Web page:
This time, we were invited to join winemaker Arnaud Debons for a private barrel tasting. We were joined by Public Relations Manager, Melissa Gonzalo, and the charming Augustín Durán of Hoy Los Angeles, the Spanish language version of the Los Angeles Times.
A bit of California history: Winemaking in California began with the Franciscan monks who used native grapes as well as some Spanish varieties to make wines used in the Missions, hence the rise of the "Mission" grape, which made a foxy (not a good thing) and not very tasty wine. In 1833, French winemaker Jean-Louis Vignes brought the first European vines (vitis vinifera) from his native Bordeaux, planted them in downtown Los Angeles and built a winery. The aptly named Vignes, considered to be the father of California’s wine industry, has a street named after him. The wine industry grew to become an economically significant industry in Southern California. By the 1880s, Los Angeles was the top California region for grape growing and winemaking, and within another decade vineyards were planted and producing in Orange, San Bernardino, and Riverside counties.
In 1917, Santo Cambianica, a native of the northern Italian province of Lombardia, founded the San Antonio Winery. However, in 1918, Prohibition almost killed the wine industry. Most of the wineries in and around Los Angeles had to close, but the San Antonio Winery remained open as the Archdiocese of Los Angeles granted Santo permission to make wines for sacramental purposes. By 1933, following the Wall Street Crash and the Great Depression, only San Antonio was able to survive, becoming the main provider of sacramental wines.
In 1936, Stefano Riboli joined his Uncle Santo at San Antonio; he saw Maddalena Satragni driving a tractor in the vineyard, fell madly in love, married her in 1946, and the rest is history!
Current winemaker, Arnaud Debons, worked in the Bordeaux and Cahors regions of France after graduating from the University of Toulouse in France. He moved to the USA and worked as an assistant winemaker for Newton Vineyards in Napa Valley for several years before joining the San Antonio Winery in 2003. Now he balances the historic tradition of San Antonio with 21st century innovation.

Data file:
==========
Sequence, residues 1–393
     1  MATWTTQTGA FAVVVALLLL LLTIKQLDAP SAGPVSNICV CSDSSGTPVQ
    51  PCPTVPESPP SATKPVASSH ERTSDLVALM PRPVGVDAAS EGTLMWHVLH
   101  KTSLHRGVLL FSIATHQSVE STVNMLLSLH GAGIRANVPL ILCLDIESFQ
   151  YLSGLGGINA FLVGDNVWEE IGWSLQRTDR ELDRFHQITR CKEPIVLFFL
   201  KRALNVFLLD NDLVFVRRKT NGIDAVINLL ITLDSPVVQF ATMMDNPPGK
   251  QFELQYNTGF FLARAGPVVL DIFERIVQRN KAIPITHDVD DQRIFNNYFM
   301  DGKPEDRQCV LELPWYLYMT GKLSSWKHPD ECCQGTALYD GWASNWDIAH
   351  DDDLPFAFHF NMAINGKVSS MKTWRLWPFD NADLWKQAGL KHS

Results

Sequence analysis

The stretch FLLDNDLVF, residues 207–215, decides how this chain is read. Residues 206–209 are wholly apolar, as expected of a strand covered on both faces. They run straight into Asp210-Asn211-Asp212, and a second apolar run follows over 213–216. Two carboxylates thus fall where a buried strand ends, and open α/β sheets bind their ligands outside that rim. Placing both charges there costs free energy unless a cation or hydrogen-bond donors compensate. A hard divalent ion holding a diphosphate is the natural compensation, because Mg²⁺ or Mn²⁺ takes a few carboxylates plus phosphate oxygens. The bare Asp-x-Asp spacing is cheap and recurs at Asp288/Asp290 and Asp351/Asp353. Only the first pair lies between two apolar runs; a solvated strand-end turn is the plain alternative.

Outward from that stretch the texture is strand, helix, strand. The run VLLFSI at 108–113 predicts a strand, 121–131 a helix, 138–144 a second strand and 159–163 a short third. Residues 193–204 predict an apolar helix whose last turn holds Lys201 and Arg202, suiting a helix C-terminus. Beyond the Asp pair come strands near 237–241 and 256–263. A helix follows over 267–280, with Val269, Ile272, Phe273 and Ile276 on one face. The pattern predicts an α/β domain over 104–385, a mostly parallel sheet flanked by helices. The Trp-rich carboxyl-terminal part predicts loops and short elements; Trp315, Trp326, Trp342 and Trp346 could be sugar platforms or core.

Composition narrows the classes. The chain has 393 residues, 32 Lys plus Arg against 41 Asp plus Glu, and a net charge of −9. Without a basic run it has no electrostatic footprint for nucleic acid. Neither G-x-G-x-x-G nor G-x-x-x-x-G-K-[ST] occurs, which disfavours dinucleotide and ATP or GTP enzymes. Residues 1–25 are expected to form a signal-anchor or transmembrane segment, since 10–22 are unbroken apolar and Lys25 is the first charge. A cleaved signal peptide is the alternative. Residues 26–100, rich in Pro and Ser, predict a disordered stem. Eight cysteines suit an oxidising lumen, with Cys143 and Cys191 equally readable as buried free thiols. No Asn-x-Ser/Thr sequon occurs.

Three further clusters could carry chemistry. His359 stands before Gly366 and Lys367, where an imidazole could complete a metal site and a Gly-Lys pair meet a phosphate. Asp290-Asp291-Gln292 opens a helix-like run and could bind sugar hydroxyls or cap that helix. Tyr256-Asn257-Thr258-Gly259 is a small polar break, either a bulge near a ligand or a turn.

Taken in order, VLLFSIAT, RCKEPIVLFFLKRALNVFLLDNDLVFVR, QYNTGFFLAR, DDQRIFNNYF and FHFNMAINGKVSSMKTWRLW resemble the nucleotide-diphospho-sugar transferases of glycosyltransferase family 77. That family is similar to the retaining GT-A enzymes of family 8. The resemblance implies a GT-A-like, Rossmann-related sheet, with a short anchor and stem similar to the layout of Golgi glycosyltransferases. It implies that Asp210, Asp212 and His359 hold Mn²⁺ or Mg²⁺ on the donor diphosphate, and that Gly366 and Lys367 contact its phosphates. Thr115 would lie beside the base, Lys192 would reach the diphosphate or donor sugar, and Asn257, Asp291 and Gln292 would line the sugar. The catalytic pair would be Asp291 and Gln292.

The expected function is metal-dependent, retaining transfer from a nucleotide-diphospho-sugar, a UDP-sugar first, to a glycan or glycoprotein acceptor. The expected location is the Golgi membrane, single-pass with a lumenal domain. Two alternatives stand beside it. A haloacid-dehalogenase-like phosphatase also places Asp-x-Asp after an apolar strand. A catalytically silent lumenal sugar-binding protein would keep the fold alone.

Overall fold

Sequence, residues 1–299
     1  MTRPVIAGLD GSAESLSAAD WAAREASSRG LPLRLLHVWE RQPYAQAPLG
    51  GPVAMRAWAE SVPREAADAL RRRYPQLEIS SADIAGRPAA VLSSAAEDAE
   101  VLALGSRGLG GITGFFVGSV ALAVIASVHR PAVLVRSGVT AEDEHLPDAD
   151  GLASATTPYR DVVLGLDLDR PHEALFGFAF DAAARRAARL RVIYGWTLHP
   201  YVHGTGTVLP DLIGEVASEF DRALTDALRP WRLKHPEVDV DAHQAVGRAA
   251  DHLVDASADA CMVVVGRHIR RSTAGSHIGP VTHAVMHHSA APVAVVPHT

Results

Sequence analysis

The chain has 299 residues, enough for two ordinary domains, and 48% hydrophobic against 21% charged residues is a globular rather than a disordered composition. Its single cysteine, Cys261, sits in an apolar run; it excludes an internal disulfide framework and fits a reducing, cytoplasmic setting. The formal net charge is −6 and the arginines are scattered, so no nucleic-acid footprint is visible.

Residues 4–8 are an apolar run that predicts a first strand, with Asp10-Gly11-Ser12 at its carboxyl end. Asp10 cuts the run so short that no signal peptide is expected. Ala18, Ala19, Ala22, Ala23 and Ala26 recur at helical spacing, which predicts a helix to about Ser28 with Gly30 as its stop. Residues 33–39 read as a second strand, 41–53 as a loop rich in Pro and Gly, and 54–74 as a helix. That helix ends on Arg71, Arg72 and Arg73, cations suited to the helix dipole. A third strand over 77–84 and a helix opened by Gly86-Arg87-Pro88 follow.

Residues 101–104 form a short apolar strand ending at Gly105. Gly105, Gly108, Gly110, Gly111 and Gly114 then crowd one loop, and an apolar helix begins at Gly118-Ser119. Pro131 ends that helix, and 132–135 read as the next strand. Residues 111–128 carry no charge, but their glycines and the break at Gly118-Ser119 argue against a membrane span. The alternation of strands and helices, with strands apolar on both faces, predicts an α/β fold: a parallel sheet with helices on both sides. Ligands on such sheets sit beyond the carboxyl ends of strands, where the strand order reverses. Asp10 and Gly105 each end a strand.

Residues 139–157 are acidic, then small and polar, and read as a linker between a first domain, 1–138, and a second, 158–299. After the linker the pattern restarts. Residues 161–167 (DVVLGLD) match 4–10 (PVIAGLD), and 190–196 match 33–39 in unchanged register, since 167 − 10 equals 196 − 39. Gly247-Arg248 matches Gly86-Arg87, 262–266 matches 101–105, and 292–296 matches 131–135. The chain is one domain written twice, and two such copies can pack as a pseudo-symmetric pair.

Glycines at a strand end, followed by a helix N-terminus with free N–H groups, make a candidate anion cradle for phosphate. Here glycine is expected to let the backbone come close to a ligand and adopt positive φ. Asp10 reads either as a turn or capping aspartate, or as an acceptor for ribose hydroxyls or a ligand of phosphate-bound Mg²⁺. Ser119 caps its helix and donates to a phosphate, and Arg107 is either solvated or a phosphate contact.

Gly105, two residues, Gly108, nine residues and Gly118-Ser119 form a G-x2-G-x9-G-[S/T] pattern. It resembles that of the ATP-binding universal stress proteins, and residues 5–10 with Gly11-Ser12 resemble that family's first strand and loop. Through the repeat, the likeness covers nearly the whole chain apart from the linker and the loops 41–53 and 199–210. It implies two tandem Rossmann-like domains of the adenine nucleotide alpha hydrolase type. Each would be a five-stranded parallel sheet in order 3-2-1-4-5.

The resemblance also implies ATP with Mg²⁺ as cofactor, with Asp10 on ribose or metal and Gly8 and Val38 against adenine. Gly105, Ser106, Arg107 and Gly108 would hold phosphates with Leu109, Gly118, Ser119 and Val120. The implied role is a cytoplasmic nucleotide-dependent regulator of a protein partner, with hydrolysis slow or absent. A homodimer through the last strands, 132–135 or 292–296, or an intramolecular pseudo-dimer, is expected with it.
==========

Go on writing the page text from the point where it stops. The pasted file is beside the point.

|Arnaud stirring the lees|
We started in the White barrel room, tasting through young Viognier and Chardonnay. Arnaud demonstrated lees-stirring, done by hand, to add flavor and texture to the wines as they age.
As we tasted through the white wines, Arnaud spoke of how, despite their large production, no wine is made to a recipe; while he focuses on maintaining the standards expected by their customers, each vintage is different, and it's his job to make the best wine with the materials provided by Mother Nature. Because they have a large customer base, with many different tastes, they provide a wide range of wines, from lean and austere to full-bodied and fruit-forward. They also import wines from Italy, made from Riboli-family-owned vineyards.
|The GoW & AD|
Then we got treated to lunch! The last time we were there, Maddalena Riboli herself was manning the cash register. This time, we were whisked through the line after choosing our entrees, receiving great service and several wines to accompany our meal. The food was delicious and the portions generous, but most importantly, we got to know Arnaud and Melissa and Augustín. Sharing stories, food and wine is the best way to make friends.
|"Nono" & "Nona"|
We chose to take home a modest bottle of Malbec made under the Opaque label, one of several labels designating regional and varietal styles. We loved the silky tannins and spicy finish. Yummy!
There is so much more to the San Antonio Winery than this short post can provide. Visiting the winery is truly taking a trip through Los Angeles and California history, and provides insight into the early wine industry. You should go!
So thanks to Melissa for inviting us, and to Arnaud and the Riboli family for treating us like royalty. We'll be back soon!